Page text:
A student’s socioeconomic status (SES) can impact their lived experiences and how faculty and peers perceive them in medical school.
The views and opinions expressed in this collection are those of the authors and do not necessarily reflect the positions of the Association of American Medical Colleges.
Dr. Lee is an Associate Professor of Medicine, Assistant Dean of Students and Director of the Wellness Initiative at the University of Chicago Pritzker School of Medicine. She earned her medical degree from New York University, a Masters of Public Health from the Harvard School of Public Health and completed her internal medicine residency at New York Presbyterian Hospital-Weill Cornell. At the University of Chicago, she and leads innovative programming to improve physician and trainee well-being.
The demographic term, socioeconomic status (SES), refers to a person’s social standing or class and is a multivariate category that includes education, income, and occupation. A student’s SES can impact their lived experiences and how faculty and peers perceive them in medical school. Despite efforts towards increasing diversity at medical schools, socioeconomic diversity remains a challenge. Recent reports by the AAMC examined data over the past 30 years and found that close to 80% of US medical students come from the top 2 quintiles of household income in the country, and that students from low-SES backgrounds had higher rates of attrition in the first two years of school compared to their peers.
These reports helped me better understand the years of isolation and anxiety I experienced as I “made it” through each step in my medical education. I was proud of being from the colorful and gritty inner-city area of Los Angeles where I was raised by immigrant parents who were hardy and loving but lacked formal education and had chronic financial ailments. However, I knew that because of my background, I might not have the requisite behavioral polish or access to strong social resources needed for eventual success in medical school. That thought was debilitating. I wondered: were there other students, residents, or faculty who grew up poor and understood my struggle, who still turned out OK? And, if there were, why was there no organization or space in medicine to come together to talk about these shared experiences?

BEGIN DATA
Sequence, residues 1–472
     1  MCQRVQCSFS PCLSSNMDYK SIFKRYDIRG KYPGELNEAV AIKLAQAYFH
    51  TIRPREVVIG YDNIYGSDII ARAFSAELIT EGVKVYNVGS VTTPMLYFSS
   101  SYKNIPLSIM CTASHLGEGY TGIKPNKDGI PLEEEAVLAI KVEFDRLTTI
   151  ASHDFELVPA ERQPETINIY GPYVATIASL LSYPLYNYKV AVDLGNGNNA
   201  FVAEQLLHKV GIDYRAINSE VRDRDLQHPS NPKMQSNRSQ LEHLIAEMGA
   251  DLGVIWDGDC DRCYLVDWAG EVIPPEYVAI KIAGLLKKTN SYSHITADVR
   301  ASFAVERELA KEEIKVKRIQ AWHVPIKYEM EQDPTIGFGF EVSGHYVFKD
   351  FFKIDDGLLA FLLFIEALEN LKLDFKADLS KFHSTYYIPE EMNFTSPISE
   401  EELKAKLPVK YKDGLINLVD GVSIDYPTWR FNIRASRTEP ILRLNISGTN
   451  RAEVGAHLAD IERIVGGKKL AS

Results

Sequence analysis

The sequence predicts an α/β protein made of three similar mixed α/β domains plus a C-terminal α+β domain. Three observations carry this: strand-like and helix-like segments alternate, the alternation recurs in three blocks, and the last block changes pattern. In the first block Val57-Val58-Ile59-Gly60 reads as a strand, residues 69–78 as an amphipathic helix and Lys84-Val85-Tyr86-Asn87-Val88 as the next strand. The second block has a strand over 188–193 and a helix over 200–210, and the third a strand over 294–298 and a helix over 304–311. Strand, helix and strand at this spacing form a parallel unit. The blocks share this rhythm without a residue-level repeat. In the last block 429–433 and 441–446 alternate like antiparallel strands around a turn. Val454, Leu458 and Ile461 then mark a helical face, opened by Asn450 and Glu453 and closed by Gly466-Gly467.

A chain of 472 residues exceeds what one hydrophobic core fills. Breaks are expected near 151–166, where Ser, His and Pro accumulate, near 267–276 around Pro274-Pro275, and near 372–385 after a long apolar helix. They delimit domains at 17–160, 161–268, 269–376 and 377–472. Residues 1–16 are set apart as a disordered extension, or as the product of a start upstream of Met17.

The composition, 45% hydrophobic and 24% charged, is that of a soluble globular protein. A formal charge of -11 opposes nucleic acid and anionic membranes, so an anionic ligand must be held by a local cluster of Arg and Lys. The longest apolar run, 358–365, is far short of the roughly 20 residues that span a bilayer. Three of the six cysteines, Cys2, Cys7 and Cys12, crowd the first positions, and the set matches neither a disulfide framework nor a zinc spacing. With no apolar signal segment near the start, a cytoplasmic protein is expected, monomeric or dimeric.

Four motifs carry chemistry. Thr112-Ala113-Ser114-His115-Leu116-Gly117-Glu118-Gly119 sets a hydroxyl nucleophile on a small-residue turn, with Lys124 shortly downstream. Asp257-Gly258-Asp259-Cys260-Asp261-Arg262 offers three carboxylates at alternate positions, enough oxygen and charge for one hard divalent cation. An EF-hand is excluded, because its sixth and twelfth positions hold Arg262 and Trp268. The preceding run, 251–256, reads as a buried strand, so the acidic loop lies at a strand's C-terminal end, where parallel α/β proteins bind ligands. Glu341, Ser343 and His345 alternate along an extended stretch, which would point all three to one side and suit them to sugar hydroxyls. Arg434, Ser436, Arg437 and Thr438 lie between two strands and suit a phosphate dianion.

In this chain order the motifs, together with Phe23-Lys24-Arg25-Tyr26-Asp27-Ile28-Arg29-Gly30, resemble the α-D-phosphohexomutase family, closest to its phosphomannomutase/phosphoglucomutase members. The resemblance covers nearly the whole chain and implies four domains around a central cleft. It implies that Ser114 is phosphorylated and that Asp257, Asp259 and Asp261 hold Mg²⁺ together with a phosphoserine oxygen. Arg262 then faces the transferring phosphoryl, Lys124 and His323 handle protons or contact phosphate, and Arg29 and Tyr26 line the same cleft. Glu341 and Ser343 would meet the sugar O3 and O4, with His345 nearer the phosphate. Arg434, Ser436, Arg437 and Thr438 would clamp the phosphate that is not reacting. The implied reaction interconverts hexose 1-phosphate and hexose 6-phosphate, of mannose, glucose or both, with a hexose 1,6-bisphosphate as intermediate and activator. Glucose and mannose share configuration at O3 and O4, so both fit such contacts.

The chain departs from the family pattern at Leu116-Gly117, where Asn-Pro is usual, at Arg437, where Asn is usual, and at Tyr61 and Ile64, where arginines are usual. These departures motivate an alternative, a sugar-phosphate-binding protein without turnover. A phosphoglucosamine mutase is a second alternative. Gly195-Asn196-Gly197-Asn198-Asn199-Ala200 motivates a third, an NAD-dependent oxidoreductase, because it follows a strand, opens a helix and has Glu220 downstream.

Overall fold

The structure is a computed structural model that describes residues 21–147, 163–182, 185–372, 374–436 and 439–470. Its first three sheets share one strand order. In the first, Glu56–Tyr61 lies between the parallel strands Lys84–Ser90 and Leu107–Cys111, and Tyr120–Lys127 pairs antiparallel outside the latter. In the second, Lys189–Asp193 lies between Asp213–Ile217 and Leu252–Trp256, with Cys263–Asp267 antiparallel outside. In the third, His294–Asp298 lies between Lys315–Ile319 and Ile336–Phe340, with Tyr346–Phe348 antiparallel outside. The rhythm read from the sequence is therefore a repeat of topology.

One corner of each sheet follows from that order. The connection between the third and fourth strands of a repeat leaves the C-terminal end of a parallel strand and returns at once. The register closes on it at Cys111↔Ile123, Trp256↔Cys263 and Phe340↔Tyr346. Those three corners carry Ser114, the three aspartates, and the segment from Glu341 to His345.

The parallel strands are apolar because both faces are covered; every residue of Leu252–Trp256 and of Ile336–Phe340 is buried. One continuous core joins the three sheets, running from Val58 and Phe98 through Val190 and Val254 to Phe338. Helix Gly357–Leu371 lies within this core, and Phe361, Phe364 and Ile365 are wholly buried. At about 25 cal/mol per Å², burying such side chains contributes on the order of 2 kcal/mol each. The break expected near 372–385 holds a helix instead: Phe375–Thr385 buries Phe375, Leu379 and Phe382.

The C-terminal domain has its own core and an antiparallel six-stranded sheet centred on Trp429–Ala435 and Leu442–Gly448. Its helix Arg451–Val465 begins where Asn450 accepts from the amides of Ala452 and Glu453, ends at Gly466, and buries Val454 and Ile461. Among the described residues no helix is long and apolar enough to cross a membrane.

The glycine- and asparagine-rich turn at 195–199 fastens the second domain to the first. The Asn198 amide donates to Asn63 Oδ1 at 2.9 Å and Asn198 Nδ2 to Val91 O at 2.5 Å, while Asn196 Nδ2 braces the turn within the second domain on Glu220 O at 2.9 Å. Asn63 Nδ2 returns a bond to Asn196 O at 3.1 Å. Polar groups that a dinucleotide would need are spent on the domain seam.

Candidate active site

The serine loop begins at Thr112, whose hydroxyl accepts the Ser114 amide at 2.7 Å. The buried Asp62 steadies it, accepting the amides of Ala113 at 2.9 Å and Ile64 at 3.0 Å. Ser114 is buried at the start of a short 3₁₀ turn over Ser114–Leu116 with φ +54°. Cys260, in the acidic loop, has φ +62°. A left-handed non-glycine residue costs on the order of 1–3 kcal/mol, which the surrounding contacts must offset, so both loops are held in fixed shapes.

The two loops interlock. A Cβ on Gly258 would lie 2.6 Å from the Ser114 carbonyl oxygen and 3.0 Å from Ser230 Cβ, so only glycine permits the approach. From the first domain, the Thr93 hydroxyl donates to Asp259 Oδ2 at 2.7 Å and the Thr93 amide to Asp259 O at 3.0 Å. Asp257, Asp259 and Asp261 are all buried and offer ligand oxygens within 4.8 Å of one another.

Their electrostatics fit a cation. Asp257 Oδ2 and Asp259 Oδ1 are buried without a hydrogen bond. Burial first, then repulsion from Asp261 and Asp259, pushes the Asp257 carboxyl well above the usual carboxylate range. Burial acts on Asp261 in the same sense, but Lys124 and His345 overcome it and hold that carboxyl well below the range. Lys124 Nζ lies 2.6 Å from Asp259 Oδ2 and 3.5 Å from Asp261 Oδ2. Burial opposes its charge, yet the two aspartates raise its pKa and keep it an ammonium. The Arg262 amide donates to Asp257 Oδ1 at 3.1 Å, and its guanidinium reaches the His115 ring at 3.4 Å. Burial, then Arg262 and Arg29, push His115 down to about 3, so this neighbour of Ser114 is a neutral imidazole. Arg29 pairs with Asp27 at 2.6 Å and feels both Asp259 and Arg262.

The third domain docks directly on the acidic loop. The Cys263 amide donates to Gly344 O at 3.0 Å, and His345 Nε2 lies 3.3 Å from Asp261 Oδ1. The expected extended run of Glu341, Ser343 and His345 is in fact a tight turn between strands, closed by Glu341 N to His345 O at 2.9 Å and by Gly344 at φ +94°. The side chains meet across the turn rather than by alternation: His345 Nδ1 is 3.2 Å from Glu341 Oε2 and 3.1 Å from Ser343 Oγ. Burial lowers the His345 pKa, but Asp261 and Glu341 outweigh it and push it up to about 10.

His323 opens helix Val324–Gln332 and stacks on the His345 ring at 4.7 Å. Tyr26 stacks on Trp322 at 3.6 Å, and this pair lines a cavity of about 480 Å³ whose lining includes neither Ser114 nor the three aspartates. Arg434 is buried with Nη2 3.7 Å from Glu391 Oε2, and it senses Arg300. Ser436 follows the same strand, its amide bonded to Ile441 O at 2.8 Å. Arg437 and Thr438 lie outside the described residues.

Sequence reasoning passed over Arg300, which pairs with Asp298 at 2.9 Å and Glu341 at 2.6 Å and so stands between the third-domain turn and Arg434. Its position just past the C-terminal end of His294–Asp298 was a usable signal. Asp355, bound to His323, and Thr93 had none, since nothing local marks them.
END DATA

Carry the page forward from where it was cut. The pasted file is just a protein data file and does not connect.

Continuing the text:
In 2018, while I was on a gap year pursuing a research fellowship at the Pritzker School of Medicine, I decided to forgo my internal doubts and host a dinner to bring together students who identified as coming from socioeconomically disadvantaged backgrounds. With funding and support from our school’s Multicultural Affairs Office and Wellness program, I provided food for the 15 students who showed up for the event at my apartment. At this first gathering, there were students from all four classes representing a truly diverse array of ages, genders, and ethnic and geographic backgrounds.
As we went around the room and introduced ourselves, I asked everyone to share what their parents or guardians did for a living. From this single question, a very natural flow of conversation emerged. We shared how the financial hardships we faced fostered a strong sense of self-reliance, but how this self-reliance was also a limitation that instilled an intense fear of failure. Many of us discussed our complex relationships with our families and shared the common experience of feeling an intense pressure to succeed and fulfill a fantasy of "saving" our families from financial ruin. It was cathartic to discuss the guilt and emotional exhaustion that resulted from an overbearing sense of duty to our families.
In our conversation, many of us also shared the difficulties we had in reconciling the differences between our past and our entrance into careers of privilege and prestige, and the loneliness and isolation that often resulted. Throughout this evening, we openly shared our families’ various struggles with unstable employment and income, and the repercussions of their lack of formal education and status. These were themes that we collectively and intuitively understood. Importantly, we shared our stories with warmth, honesty, and a lot of humor.
From this first discussion, we realized there was a great need to continue this conversation and to support efforts for socioeconomic diversity. We went on to form “LIPS,” the Low-Income Pritzker Students group. It was a great risk to ask classmates to come together and be vulnerable, especially when many of us had previously not known each other. However, it took this vulnerability to build meaningful relationships with one another. LIPS has greatly enriched our medical school community and has given underrepresented students an opportunity to share and listen to each other’s experiences, transparently discuss concerns, find humor in our struggles and grief, and embrace each other as sources of support. It will take a concerted effort to make medicine a more equitable and accessible career for students from diverse SES backgrounds, and the initial steps include identifying one another and coming together to form allies with peers, residents, and faculty.
Lindsay Y. Chun, MD
Ophthalmology Resident, PGY1
University of Chicago Medical Center
University of Chicago Pritzker School of Medicine (‘19)
Lindsay Y. Chun, MD, is from Koreatown, Los Angeles and a graduate of the University of Chicago Pritzker School of Medicine (‘19). She is currently in her first year in the MacNeal Hospital Transitional Year residency program, and will begin her advanced training in ophthalmology with the Department of Ophthalmology at the University of Chicago Medical Center. Twitter: @LINDCHUN Instagram: @LINDCHUNMD
Wei Wei Lee, MD MPH
Assistant Dean of Students
Associate Professor of Medicine
Director of Wellness Initiatives
Pritzker School of Medicine